Secretary of State George P. Shultz moved quickly to put his imprint on the State Department hierarchy yesterday as President Reagan announced he would nominate Kenneth W. Dam, a close friend of Shultz, to be deputy secretary of state.

Dam, 49, a law professor and provost of the University of Chicago, wrote a book with Shultz in 1977 and was described by Shultz yesterday as a "friend of many years."

He will succeed Walter J. Stoessel Jr., the highest-ranking Foreign Service officer, who ran the department after the abrupt resignation last month of Alexander M. Haig Jr. Stoessel is retiring but is expected to remain as a consultant.

Reagan also announced two other top State Department appointments yesterday, at least one of which was in preparation while Haig was still secretary.

W. Allen Wallis, chancellor of the University of Rochester and a conservative economist, was tapped to be undersecretary of state for economic affairs. Wallis, 69, will fill a post that had been open for several months following the resignation of Myer Rashish in a policy dispute with Haig.

Shultz told a meeting of his senior staff yesterday that Wallis was his choice for the job, according to one department official. A friend of Wallis added, however, that Wallis had been approached by Haig several months ago about the position.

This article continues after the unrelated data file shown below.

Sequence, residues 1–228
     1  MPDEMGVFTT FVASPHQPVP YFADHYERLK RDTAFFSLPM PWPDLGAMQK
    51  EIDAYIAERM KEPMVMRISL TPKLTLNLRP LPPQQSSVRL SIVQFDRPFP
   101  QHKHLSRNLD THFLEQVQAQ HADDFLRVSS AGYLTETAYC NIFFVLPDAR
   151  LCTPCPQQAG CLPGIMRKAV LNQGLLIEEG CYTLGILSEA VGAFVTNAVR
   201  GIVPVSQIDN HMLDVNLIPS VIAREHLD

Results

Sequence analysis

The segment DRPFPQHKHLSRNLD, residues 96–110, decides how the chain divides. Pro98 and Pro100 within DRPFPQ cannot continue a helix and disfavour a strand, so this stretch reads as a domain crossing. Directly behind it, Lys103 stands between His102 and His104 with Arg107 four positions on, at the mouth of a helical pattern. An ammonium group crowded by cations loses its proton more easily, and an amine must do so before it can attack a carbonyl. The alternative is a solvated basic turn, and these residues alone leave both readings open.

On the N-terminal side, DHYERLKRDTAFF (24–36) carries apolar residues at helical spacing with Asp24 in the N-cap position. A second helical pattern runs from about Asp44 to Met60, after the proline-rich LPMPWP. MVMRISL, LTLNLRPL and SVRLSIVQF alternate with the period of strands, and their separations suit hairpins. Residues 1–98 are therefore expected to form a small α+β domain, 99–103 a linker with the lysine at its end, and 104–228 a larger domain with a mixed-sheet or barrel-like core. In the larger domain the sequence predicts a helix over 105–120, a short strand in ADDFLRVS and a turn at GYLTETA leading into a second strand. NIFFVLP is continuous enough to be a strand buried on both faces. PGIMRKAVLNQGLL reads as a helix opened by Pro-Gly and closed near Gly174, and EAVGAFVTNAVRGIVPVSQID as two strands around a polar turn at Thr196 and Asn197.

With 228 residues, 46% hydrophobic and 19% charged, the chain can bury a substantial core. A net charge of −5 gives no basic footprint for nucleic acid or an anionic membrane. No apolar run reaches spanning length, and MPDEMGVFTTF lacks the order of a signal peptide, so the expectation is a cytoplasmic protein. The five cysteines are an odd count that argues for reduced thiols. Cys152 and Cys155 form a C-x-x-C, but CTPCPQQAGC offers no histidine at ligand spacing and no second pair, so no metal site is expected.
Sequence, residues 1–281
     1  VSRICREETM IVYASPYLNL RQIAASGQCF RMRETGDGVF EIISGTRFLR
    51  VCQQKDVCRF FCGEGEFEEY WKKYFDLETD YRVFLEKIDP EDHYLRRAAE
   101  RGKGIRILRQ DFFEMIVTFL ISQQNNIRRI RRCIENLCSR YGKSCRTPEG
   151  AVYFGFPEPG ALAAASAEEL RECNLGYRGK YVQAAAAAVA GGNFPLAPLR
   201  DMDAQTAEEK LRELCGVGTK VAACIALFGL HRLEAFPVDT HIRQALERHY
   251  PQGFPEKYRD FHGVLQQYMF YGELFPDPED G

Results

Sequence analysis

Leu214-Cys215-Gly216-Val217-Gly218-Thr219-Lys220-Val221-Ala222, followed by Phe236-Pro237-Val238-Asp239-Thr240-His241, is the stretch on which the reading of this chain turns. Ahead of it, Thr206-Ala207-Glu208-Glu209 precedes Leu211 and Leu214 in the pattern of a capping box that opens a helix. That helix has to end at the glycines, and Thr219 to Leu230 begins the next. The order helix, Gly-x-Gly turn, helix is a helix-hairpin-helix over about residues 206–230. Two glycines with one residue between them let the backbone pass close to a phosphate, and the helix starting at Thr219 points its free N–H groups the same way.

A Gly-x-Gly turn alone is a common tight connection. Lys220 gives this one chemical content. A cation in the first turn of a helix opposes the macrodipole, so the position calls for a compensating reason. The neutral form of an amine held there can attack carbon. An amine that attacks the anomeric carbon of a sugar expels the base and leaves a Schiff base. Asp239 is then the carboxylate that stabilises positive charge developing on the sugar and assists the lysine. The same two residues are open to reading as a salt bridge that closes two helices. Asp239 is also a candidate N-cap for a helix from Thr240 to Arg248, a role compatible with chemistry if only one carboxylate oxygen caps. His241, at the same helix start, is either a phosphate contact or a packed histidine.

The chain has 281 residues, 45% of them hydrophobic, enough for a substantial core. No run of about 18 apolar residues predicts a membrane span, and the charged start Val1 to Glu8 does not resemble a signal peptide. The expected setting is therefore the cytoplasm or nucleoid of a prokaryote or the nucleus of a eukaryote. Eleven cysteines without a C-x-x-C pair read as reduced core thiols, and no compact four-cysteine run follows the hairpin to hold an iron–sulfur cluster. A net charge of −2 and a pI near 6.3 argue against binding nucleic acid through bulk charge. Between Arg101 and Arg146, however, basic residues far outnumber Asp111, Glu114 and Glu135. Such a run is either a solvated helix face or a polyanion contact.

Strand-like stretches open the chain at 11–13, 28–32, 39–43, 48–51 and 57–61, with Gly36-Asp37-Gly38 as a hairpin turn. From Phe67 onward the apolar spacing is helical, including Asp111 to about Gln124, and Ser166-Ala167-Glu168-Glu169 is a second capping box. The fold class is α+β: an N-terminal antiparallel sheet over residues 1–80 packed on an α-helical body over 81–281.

William Schneider Jr., 40, currently associate director of the Office of Management and Budget for national security and international affairs, will be nominated as undersecretary of state for coordinating security assistance programs. He fills the vacancy left by James L. Buckley, the former Republican-Conservative senator from New York, who moves to become counselor to the department. His move had been previously announced by Haig.

All the nominations require confirmation by the Senate.

Also yesterday, Dean Fischer, the former Time magazine correspondent who was chief spokesman for Haig, said he had informed Shultz on Saturday of his desire to "return to private life." Fischer said he has "no specific plans" and agreed to remain until a successor is found.

In a few minutes of light banter in the State Department diplomatic lobby, Shultz was officially welcomed by several hundred applauding career department employees and promised to make use of them in carrying out Reagan's foreign policy.

"I fully intend to call on you. . . . I know I need you, and I know you will pitch in," he said. "I guess my final word is that I expect to work the hell out of you and I hope you'll come through. I know you will."

Shultz was sworn in Friday as the nation's 60th secretary of state and conferred at length Saturday on the Mideast crisis with former secretary Henry A. Kissinger.

Dam, who has known Shultz since the 1960s, was an assistant director of OMB for national security and international affairs when Shultz was director of the budget office in the Nixon administration. Their book was entitled "Economic Policy Beyond the Headlines."

Wallis has been affiliated with the University of Rochester since 1962. While retaining his title of chancellor, he turned over chief executive responsibilities at the school in 1975. He served on the Reagan transition team for the International Communication Agency.

Schneider, an economist and defense analyst, had served previously on the House defense appropriations subcommittee and as a consultant to the Hudson Institute.